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Table of Contents

Glimpse of the RAAF Meteorological Service




Chapter 1: Growing Up

Chapter 2: Port Moresby Before Pearl Harbour

Chapter 3: Port Moresby After Pearl Harbour
Work in the Meteorological Office
Japanese Land in Rabaul
Catalina and Hudson Operations
First Sight of the Japanese
Japanese Plans for the Invasion of Port Moresby
RAAF Meteorologists Under Threat of Japanese Advance
More Air Raids on Port Moresby
The Story of the Hudson
A Blow to Morale
More Air Raids but No 75 Squadron Kittykawks Arrive
Japanese Attempt to Invade Port Moresby by Sea
Japanese Submarines Attack Sydney
Attack on MV MacDhui
Return to Australia
The Meteorologists' Contribution

Chapter 4: Allied Air Force HQ and RAAF Command, Brisbane

Chapter 5: Japan Surrenders and We Are Demobilised



Appendix 1: References

Appendix 2: Milestones

Appendix 3: Papers Published in Tropical Weather Research Bulletins

Appendix 4: Radiosonde Observations 1941–46


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More Air Raids but No 75 Squadron Kittykawks Arrive (continued)

The Japanese were not attacking Port Moresby with the same confidence as they had before the arrival of the Kittyhawks of RAAF No 75 Squadron. The first AIF reinforcements arrived in Port Moresby by the troopship Taroona on Wednesday 25 March 1942, the day on which Port Moresby experienced its 19th air-raid by three bombers and four protecting Zeros. It was to be some time before the AIF became as accustomed to jungle warfare as were the raw militia troops who had first arrived early in January. By Friday 27 March, Port Moresby had had 20 raids by Japanese aircraft, some on the Seven-mile airstrip, others on shipping in the harbour and on the single wharf. Darwin had had eight raids at that time. The Japanese were obviously intent on taking Port Moresby before Darwin.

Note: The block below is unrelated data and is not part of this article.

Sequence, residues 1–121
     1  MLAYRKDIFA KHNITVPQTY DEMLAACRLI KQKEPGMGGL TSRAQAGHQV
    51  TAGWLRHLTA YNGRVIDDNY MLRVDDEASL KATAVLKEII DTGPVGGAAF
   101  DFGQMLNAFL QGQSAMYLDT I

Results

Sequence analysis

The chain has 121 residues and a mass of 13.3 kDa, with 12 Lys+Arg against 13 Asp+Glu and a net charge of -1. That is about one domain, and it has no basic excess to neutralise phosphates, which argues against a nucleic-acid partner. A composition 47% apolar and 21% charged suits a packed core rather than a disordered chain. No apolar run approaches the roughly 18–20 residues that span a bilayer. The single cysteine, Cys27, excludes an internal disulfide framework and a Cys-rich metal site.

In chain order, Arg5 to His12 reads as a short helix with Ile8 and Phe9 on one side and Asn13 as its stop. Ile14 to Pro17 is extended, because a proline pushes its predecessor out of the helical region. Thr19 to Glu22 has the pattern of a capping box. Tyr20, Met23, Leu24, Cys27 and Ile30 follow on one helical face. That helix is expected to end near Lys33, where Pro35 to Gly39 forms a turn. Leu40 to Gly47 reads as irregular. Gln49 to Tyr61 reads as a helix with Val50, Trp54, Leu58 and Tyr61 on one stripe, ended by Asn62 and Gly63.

By Sunday 5 April, when RAAF No 75 fighter Squadron was joined by USAF Airacobra fighters, the air war between the Allies and Japan was hotting up over Port Moresby. USAF bomber aircraft based in Australia were refuelling at Port Moresby for attacks on Lae and Rabaul and the Japanese were intent on rendering the Seven-mile airstrip unserviceable. In retrospect it would have been sensible to establish our RAAF meteorological unit at the aerodrome but we had our observing station, office and equipment at Konedobu and we were part of RAAF station HQ and its signals unit located there. Without a signals unit it was impossible to receive meteorological reports necessary for the preparation of forecasts.

On 10 April 1942, when seven bombers and six Zeros were conducting the 25th raid on Port Moresby, John Jackson was conducting a reconnaissance over Lae, Salamaua and Nadzab when he was surprised by three Zeros which disabled his aircraft and forced him to belly land in the sea. After twelve days he was able to make his way over the Owen Stanley Range back to Port Moresby in a much dishevelled condition. On 28 April John Jackson was shot down when leading a flight of five Kittyhawks. John's brother Les took over command of the Squadron which was withdrawn from Port Moresby on 5 May, when only 3 Kittyhawks were left serviceable. To honour John Jackson, the Seven-mile airstrip was renamed Jackson's.

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Gibbs, W. J. 1995 'A Glimpse of the RAAF Meteorological Service', Metarch Papers, No. 7 March 1995, Bureau of Meteorology

© Online Edition Australian Science and Technology Heritage Centre and Bureau of Meteorology 2001
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